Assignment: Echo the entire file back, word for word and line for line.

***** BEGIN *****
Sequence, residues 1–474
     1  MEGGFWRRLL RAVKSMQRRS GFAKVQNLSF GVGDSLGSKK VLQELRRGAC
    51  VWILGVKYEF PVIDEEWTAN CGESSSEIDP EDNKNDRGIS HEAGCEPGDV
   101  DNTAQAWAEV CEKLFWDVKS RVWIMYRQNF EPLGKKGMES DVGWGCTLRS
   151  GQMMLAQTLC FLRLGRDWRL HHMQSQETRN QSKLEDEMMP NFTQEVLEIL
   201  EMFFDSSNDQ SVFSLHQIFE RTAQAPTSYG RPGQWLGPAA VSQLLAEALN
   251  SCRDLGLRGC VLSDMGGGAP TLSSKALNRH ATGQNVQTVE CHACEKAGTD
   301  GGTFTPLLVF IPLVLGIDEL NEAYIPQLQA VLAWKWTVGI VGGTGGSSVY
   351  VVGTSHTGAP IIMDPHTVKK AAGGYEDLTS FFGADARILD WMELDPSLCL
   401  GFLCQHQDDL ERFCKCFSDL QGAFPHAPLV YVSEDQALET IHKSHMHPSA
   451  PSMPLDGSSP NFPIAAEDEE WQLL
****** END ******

Sequence, residues 1–474
     1  MEGGFWRRLL RAVKSMQRRS GFAKVQNLSF GVGDSLGSKK VLQELRRGAC
    51  VWILGVKYEF PVIDEEWTAN CGESSSEIDP EDNKNDRGIS HEAGCEPGDV
   101  DNTAQAWAEV CEKLFWDVKS RVWIMYRQNF EPLGKKGMES DVGWGCTLRS
   151  GQMMLAQTLC FLRLGRDWRL HHMQSQETRN QSKLEDEMMP NFTQEVLEIL
   201  EMFFDSSNDQ SVFSLHQIFE RTAQAPTSYG RPGQWLGPAA VSQLLAEALN
   251  SCRDLGLRGC VLSDMGGGAP TLSSKALNRH ATGQNVQTVE CHACEKAGTD
   301  GGTFTPLLVF IPLVLGIDEL NEAYIPQLQA VLAWKWTVGI VGGTGGSSVY
   351  VVGTSHTGAP IIMDPHTVKK AAGGYEDLTS FFGADARILD WMELDPSLCL
   401  GFLCQHQDDL ERFCKCFSDL QGAFPHAPLV YVSEDQALET IHKSHMHPSA
   451  PSMPLDGSSP NFPIAAEDEE WQLL